Grit Blogs > There and Back Again

Becoming a Farmer: What Does It Take?

Paula Ebert headshotThere are many things that make a successful farmer. But from my point of view, here you go:

First. Appropriate clothing that you don’t mind getting wet, muddy, or ruined. Muck boots – you know, that go up over your calves; winter coats – the kind from Tractor Supply that have snap fronts and durable wash- and-wear flannel; a winter hat, even if it is one of those “Deer Stalker” looking items. I’ve even resorted to over-alls in the winter. In the summer, you’re going to come in wet and disgruntled. Have at least two pairs of shoes, shorts and tops. Remember, you wanted this – two showers a day and clothing soaking from the humidity.

Second. The ability to separate yourself from your livestock. Yes, the chickens are wonderful and you love them. But the first time a coyote comes in and packs off with your favorite Australorp, you have to mourn and let it go. Poor thing. And plot your revenge on the coyotes. The same goes for the piggies that are now the ham on the Christmas table. At least they had a good life while it lasted.

Third. The ability to basically work without ceasing. OK, I take breaks, but my husband doesn’t, and I feel guilty, particularly in the summer. There is always something to be done. We never go to movies, rarely go into town, except for me to go to work; we eat a supper out occasionally; our last vacation was to a three-day family reunion last year. But it is amazing what you can accomplish if you just work slowly and steadily on something. I call it “the farmer way.”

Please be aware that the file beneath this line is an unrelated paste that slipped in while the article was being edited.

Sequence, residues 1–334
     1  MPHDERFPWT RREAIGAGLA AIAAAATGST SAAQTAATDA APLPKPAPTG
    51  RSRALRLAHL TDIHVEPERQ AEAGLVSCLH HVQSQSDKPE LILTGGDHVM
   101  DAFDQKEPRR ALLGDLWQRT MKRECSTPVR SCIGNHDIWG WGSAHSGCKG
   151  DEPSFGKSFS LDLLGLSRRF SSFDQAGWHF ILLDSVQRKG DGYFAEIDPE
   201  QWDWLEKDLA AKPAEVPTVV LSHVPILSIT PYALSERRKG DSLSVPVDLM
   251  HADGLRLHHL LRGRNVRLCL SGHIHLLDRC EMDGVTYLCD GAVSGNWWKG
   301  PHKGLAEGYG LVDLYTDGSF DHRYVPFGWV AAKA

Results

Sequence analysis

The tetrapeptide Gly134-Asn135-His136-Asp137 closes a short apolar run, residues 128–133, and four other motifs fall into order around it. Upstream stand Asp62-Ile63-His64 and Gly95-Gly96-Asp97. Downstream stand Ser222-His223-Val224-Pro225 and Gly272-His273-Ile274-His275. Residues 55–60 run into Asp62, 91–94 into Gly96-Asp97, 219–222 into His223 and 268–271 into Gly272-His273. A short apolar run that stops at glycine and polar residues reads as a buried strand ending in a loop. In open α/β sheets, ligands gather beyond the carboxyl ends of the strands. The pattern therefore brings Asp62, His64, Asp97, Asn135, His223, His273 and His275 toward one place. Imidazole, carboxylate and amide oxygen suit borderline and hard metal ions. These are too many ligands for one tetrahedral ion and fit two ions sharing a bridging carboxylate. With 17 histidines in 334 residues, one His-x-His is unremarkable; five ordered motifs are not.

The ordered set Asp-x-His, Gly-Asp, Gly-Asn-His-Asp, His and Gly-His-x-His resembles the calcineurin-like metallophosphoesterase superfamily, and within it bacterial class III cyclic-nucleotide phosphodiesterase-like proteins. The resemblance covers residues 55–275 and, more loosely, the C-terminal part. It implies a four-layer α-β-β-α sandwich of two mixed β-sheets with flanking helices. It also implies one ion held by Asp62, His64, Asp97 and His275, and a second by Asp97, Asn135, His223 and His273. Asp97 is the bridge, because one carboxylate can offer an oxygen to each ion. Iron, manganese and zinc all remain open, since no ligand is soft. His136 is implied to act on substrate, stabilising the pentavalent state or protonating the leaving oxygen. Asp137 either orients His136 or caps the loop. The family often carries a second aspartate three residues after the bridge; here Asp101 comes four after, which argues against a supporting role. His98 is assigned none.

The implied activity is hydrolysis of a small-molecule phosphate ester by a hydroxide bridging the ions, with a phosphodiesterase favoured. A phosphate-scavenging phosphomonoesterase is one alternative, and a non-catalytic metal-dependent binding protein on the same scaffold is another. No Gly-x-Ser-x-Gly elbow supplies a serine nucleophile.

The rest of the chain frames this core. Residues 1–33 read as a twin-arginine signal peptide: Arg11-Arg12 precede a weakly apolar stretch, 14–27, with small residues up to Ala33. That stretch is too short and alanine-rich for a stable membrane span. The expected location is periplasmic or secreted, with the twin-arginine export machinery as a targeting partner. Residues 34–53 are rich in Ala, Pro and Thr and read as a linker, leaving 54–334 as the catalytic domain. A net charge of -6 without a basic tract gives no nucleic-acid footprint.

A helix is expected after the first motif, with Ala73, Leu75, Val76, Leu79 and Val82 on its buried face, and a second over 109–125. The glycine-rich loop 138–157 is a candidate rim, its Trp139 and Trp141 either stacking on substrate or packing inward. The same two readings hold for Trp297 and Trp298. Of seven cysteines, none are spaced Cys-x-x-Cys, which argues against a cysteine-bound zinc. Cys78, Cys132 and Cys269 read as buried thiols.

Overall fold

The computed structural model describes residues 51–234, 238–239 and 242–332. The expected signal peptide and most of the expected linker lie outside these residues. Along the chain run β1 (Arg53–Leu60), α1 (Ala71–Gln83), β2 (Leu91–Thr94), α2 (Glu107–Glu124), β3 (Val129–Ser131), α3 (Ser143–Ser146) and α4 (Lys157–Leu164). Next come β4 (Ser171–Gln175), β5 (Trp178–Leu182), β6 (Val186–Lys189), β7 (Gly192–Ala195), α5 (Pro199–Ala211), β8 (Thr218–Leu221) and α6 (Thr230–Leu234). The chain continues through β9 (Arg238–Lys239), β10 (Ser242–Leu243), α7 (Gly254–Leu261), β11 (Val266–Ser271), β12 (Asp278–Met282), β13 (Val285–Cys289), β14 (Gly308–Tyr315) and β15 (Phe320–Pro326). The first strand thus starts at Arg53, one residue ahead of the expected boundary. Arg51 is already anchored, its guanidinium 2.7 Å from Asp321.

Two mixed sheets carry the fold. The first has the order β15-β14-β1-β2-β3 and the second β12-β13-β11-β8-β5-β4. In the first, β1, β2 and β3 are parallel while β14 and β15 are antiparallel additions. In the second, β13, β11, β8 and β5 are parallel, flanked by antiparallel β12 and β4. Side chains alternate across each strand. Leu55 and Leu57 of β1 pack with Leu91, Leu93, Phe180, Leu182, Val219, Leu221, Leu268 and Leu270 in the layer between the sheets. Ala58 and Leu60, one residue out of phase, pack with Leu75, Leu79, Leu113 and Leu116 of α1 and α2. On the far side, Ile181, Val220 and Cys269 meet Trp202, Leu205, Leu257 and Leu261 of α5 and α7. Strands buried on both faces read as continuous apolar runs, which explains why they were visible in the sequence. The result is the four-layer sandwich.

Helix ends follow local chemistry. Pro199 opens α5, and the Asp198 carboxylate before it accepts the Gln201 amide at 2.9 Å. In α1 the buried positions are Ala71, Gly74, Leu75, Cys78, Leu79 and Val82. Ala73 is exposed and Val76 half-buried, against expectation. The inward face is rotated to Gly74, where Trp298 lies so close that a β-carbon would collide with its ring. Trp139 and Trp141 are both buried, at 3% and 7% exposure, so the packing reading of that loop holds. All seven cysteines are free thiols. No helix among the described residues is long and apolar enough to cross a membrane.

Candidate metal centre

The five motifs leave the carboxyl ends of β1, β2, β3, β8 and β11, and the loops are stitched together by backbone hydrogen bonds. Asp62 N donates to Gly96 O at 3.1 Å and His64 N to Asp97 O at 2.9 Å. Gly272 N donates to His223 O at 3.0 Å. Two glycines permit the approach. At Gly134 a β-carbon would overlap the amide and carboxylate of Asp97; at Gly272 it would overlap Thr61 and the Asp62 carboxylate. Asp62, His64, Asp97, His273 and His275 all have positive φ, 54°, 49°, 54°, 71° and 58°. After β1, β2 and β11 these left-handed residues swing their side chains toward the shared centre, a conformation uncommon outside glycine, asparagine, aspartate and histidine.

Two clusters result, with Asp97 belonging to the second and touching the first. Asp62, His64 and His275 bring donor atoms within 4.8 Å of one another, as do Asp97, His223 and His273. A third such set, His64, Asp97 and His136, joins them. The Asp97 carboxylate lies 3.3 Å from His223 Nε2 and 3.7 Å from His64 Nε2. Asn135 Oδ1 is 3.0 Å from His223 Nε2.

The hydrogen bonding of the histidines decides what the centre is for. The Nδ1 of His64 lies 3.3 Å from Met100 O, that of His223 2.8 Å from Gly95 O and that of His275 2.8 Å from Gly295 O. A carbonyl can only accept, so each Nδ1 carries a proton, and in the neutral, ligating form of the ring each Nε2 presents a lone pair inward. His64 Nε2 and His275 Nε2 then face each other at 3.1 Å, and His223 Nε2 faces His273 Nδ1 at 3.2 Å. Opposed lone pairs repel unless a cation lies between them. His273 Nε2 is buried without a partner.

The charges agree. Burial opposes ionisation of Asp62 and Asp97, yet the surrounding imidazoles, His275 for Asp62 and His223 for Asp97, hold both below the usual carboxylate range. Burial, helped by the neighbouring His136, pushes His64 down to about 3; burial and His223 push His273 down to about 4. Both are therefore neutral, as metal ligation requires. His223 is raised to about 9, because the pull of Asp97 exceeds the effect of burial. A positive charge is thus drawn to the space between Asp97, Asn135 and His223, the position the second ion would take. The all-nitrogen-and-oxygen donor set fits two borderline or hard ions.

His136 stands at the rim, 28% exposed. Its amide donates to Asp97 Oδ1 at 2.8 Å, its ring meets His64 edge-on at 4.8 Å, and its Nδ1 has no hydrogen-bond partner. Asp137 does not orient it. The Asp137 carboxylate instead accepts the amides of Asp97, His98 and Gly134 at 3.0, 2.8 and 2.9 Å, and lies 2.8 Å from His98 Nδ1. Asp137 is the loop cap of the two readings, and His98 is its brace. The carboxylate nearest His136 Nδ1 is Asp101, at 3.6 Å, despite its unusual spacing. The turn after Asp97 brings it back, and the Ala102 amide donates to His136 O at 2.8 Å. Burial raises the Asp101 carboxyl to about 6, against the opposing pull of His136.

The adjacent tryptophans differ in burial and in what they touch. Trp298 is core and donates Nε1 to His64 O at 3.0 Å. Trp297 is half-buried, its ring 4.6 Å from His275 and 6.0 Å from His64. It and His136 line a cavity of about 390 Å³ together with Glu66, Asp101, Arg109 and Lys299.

Fourth. Stand over the canner, carefully pull out the jars, and listen to the satisfying sound of the POP as the lids snap into place and remember the connection you have with your grandmother and all the women who carefully put up this year’s produce for the winter. That is to say, find meaning in your chores. It makes them less of a chore.

Fifth. Involve your kids and grandkids in the various tasks. Not only do they need to learn responsibility, but you can model a good work ethic. My grandkids don’t live on the farm, and they fight over who will do the chores, although I often wonder if they’d do so if they lived here all the time.

Sixth. Remember to take in the sunrise. You’ll be up anyway, doing or feeding something. Remember to rise from the garden, and look at the Eastern Bluebirds or the Great Blue Heron. Feed the hummingbirds. Say to yourself – This is why I’m here.

Granddaughter on tractor 

cindy murphy
9/2/2011 7:14:19 AM

Hi, Paula. I'm not a farmer, but working at a nursery/garden center, I can definitely relate to Number 1. Dirt - check; we've got that. Being wet is a requirement, it seems, for working outside - if it's not from rain, it's from sweat. I especially like your Number 6 - an important aspect of life, no matter what occupation a person has chosen.


farmer di
8/30/2011 2:27:35 PM